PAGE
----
Macron’s Challenge From the Right
French philosopher Éric Zemmour is polarizing France with his anti-Islam, right-wing rhetoric and is believed to have a good chance of winning the next presidential election if he chooses to run. Zemmour, a famous television personality and book author, is rallying millions behind his ideas. A recent Harris poll put him at 17 percent popularity, ahead of Marine Le Pen of the far-right National Rally and just behind incumbent Emmanuel Macron.
Though Zemmour has not announced his bid for the presidency, “Zemmour 2022” T-shirts are already being sold and chants, such as, “Zemmour! Président!” can be heard on his book promotion tour. The Spectator noted: “He has a devoted and surprisingly professional campaign behind him, the nucleus of a political party, conceived with a clear mission: to restore la gloire de la France. His new book has the faintly ridiculous title La France n’a pas dit son dernier mot (France Has Not Said Its Final Word) and has already sold more than 150,000 copies. He’s insanely popular.”
Popularity of course is a key to win a fair election. But what makes Zemmour’s rise interesting is why he draws so much support. In France’s last election, Le Pen attempted a more moderate campaign in an effort to beat Macron. Zemmour is going the other direction, using patriotic, anti-Islam rhetoric with incredible success.
As an author and tv host, Zemmour gives the impression of being educated and mainstream. He often speaks directly to the French people on CNews, France’s second-most watched news network. His 63 years of experience add to his credibility, as does his eloquence and knowledge. What’s more, his racial background provides him near immunity from criticism. “Bernard-Henri Lévy, another flamboyant public intello, has accused him of being a Jewish anti-Semite,” wrote the Spectator. “The truth is, Zemmour, the son of Algerian immigrants, says lots of things Lévy has said about Islam over the years, just more forcefully. He also says what a lot of French people know to be right: France has failed to assimilate large parts of its Muslim population and that is a problem.”
Many in France realize that the nation’s large Muslim population and corresponding terrorist threat provide a challenge France simply cannot handle. Project Syndicate notes that Zemmour advocates some of the same solutions as Charles de Gaulle: national independence, social policy, and the idea of a Christian France.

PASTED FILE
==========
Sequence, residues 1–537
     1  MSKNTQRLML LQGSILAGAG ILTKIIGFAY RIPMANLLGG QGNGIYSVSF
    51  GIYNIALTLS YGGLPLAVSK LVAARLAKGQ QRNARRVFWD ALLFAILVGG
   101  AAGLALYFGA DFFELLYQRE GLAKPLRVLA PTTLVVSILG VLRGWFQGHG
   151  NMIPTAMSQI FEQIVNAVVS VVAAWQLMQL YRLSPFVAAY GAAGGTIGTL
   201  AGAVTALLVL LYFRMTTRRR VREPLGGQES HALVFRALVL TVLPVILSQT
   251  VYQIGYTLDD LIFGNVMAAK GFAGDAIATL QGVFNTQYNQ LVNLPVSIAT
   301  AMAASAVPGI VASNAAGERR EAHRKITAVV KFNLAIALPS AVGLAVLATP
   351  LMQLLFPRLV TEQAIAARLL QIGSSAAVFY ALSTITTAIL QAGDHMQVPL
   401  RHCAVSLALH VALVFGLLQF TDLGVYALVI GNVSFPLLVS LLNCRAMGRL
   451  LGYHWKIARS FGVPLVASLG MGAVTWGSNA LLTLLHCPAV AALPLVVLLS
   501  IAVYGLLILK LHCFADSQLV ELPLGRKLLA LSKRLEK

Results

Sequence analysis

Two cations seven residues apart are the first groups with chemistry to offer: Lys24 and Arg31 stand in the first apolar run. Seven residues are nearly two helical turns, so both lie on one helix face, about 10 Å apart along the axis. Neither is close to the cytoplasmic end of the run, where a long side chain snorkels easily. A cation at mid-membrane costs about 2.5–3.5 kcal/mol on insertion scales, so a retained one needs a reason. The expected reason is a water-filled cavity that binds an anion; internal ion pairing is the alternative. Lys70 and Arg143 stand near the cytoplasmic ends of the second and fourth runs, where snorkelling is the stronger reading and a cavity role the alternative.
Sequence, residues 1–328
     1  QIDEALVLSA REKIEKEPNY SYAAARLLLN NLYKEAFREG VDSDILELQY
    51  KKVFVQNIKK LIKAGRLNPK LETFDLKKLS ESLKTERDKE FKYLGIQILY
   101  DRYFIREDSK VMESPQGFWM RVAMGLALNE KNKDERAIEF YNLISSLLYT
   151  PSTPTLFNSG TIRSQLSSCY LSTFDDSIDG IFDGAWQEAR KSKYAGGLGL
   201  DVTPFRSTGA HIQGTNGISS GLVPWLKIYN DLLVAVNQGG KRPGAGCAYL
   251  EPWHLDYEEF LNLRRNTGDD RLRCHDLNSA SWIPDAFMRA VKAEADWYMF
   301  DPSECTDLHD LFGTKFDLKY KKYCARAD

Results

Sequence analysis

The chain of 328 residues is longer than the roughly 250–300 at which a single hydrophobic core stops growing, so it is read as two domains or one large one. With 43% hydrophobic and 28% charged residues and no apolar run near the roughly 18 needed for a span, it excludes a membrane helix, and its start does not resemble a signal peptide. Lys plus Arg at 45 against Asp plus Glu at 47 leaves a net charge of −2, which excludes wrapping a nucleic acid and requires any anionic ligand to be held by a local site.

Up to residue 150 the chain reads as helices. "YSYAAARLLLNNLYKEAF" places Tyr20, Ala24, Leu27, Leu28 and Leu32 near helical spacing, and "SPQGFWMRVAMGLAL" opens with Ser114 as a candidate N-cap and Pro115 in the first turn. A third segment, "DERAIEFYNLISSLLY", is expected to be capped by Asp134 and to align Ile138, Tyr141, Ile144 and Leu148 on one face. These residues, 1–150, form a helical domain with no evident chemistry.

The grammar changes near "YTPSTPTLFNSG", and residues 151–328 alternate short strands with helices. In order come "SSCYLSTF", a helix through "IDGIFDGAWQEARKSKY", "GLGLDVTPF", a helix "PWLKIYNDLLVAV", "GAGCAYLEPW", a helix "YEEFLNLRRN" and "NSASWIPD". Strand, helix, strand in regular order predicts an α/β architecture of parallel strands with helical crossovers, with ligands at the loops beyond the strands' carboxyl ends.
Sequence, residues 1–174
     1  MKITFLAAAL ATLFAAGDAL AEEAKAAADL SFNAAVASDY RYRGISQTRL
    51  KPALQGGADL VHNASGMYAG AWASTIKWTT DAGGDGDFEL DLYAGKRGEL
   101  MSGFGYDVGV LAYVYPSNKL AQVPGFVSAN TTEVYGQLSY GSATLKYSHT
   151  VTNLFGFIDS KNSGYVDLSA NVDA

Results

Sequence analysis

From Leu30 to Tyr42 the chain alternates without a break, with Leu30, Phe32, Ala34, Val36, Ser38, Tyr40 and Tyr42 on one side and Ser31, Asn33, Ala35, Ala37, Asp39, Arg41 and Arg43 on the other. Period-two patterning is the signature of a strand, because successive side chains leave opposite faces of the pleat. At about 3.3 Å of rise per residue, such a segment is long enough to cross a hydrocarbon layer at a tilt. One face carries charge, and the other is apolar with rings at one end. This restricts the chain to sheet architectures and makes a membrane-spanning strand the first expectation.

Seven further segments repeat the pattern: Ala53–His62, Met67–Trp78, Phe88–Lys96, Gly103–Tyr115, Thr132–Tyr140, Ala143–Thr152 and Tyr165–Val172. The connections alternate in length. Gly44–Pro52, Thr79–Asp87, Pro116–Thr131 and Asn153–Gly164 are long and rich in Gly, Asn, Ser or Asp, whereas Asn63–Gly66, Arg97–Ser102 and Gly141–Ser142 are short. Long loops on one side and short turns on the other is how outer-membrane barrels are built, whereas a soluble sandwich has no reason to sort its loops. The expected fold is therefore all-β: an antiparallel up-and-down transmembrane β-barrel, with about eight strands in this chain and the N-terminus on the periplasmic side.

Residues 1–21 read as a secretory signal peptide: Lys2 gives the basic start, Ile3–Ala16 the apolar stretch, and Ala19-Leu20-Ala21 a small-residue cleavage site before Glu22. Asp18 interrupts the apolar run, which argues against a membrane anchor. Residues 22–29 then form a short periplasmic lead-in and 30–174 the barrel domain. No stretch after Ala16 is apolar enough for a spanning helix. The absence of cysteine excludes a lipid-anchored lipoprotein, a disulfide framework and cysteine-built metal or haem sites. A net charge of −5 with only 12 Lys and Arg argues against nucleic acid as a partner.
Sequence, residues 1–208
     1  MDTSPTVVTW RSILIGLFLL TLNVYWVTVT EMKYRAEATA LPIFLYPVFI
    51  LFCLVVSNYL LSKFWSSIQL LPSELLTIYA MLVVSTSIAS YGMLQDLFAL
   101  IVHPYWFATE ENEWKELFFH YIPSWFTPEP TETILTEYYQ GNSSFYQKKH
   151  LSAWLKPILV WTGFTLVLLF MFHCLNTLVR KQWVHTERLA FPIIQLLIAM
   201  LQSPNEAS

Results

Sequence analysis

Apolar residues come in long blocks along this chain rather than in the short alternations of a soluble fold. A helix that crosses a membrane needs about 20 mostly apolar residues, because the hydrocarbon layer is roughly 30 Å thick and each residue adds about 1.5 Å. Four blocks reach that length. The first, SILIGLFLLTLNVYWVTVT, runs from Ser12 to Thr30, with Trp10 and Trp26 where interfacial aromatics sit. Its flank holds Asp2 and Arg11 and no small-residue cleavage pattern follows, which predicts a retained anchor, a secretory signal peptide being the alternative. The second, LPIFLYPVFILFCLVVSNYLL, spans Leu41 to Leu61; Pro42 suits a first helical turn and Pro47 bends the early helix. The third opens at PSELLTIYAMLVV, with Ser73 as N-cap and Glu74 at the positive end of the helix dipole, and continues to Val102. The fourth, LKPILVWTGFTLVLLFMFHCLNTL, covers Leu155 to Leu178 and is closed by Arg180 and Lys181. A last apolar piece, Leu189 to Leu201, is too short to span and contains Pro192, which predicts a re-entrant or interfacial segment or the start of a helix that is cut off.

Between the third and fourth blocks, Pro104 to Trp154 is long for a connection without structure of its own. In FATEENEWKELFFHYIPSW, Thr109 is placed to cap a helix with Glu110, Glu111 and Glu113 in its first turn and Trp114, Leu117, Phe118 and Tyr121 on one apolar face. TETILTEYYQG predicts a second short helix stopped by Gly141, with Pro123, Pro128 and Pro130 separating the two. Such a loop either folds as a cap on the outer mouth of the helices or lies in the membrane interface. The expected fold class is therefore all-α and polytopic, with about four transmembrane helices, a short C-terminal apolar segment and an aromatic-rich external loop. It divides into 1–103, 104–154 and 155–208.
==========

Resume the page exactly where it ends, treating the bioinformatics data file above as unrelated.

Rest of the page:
Zemmour’s defense of a Christian Europe is rooted in French tradition, but he has issues with the current pope. On CNews in 2020, Zemmour accused Pope Francis of siding with “the enemies of Europe.” He said: “We had two great popes, John Paul ii and Pope Benedict xvi. One was Polish, the other German, deeply European, deeply rooted in their national identities who believed in nations, who believed in European nations in particular. So here we have a guy who comes from South America, who despises Europe, who obviously, as far as I know, hates France. In particular, he despises Europe, and then delivers a universalist discourse like a nongovernmental organization.”
Francis, he claimed, is a “post-Catholic pope” and “Catholics aren’t obliged to obey him.”
This isn’t the only polarizing topic Zemmour speaks out on.
Macron is known for spearheading anti-American rhetoric in the European Union. Zemmour likes to take it a step further. Near the beaches of the 1944 D-Day landing, where soldiers shed their blood to defeat Nazism, he said: “The landing was at once a liberation of the national territory and at the same time an occupation and colonization by the Americans.”
His view on France’s Nazi collaborators also differs from the historically established reality. Zemmour said in a CNews segment that French collaborators did the best they could to protect French Jewish lives by only giving up foreign Jews to the Nazi regime. As the New York Times wrote, this is just “one of several remarks suggesting that the wartime government of Marshal Philippe Pétain that sent more than 72,500 Jews to their deaths was not so bad after all.”